This is an article published by Coen Metting van Rijn, PhD, director, BioSemi, 5-December 2019
FAQ: How shall I disinfect EEG caps and electrodes and what kind of disinfection solution shall I use after each recording sessions? New
Soap is a lipophilic substance, meaning that it has the ability to chemically bind to fatty/oily substances. The weakest link of the novel SARS-CoV-2 (a.k.a. COVID-19 virus) is the lipid (fatty) bilayer membrane. Due to this fact, soap will resolve the fatty outer layer of the virus and it becomes inactive. We advise cleaning the head-caps with warm water and soap. A shampoo optimized for delicate fabric is advised, such as Ivory Shampoo (which can be purchased from our online shop: https://shop.neurospec.com/ivory-electrode-cap-shampoo-750ml), or similar. When cleaning, use a soft brush to clean and degrease the inside of the electrode holders.
According to literature, alcohol (ethanol or isopropanol) makes the virus inactive within 30 seconds. The electrodes can be submerged in alcohol without damage. Hence, submerging the electrodes for five minutes in alcohol should be the most effective way to prevent COVID-19 infections. Furthermore, the U.S. Food and Drug Administration (FDA) recommends using alcohol-based disinfectant solutions with greater than 60% ethanol or 70% isopropanol.
ActiView Online Cap Maps New
The ActiView Online Cap Maps allow you to view the offsets of your online connected ActiveTwo through your browser on your desktop computer and even mobile devices. With coloured offsets, you will be able to easily identify the quality of your connected electrodes.
Simply download and install the latest version (current version 8.12) of ActiView, connect your ActiveTwo with plugged in electrode sets and navigate to Offset > Upload to Cloud in the ActiView software.
The offsets are streamed via a secured connection to the BioSemi servers. The offsets are then made available here.
After loading ActiView Online Cap Maps enter your device ID (found in About/Configure > Server ID) and select desired electrode layout (16, 32, 64 or 128 layout available). After saving these settings, offsets are displayed in different colours. Green indicates low offset values, purple high offset values and grey indicates that CMS/DRL is not connected.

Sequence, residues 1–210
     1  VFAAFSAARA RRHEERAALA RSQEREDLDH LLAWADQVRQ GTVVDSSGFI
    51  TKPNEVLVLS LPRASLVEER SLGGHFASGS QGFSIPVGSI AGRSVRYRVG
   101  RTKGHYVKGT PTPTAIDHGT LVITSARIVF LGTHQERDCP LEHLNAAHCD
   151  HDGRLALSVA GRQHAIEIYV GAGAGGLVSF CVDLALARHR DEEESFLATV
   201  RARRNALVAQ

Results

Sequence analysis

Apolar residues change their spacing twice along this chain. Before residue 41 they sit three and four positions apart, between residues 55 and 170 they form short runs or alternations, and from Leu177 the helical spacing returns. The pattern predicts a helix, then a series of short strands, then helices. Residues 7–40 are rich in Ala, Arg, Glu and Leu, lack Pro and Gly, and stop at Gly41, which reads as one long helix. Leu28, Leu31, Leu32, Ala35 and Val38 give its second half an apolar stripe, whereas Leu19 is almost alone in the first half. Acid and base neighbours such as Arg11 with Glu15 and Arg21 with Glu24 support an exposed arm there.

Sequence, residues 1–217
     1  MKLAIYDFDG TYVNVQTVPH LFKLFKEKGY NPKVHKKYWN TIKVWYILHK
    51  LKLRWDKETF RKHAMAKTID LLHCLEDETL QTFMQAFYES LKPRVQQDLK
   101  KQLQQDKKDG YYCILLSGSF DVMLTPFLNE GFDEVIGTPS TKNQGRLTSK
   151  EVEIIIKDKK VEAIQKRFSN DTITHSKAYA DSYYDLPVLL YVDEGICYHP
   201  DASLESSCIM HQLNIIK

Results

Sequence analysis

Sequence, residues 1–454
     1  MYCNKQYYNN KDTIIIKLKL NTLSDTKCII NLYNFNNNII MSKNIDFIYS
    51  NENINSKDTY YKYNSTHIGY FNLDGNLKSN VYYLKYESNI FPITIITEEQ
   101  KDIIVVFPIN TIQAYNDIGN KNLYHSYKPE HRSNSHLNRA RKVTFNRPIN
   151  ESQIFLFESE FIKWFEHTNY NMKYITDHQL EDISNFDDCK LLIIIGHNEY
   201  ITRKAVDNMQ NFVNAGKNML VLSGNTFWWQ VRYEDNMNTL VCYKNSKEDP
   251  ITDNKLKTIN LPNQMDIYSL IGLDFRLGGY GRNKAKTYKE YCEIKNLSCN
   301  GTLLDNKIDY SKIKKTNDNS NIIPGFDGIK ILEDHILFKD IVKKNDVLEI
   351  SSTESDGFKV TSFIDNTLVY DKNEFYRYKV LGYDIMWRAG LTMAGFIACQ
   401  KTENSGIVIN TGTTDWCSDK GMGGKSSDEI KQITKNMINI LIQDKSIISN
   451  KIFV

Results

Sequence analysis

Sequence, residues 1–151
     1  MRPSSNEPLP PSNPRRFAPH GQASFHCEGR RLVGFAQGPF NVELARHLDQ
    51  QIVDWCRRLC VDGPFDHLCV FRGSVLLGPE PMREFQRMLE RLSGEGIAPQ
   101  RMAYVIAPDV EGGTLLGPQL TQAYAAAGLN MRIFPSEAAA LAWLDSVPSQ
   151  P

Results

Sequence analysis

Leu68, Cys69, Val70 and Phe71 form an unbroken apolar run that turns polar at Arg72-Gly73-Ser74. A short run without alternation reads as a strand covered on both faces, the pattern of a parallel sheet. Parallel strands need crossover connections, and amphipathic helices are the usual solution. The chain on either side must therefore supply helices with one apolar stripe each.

If you wish to check multiple ActiveTwos simultaneously, simply open an additional private browser window and set the appropriate device ID and electrode layout.
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New Biopac Webinar (29.07.2021) New
Easily synchronize stimulus presentation, eye tracking, and physiology data all in one place!
Join us in BIOPAC's new webinar to learn about how BIOPAC now offers full integration of new, Stimulus Presentation, Eye Tracking, and Physiology data acquisition and analysis in AcqKnowledge software. This combination of tools, integrated into one solution, allows researchers to easily manage all data collection and analysis in a single application. In this July webinar, BIOPAC will review this new functionality and show you how to seamlessly synchronize your areas of interest (AOI) as well as, stimulus presentation, eye tracking, and physiology data.
The webinar's focus will be on optimizing your setup, highlighting the benefits of a fully integrated solution, and how to best extract eye tracking and physiology metrics from key points such as the cumulative average skin conductance level while a participant is focused on AOI. You will also learn how to trigger other devices such as scent delivery systems and electrical stimulators when participants hit certain AOI.
Thursday, 29.07.2021 - 8am PT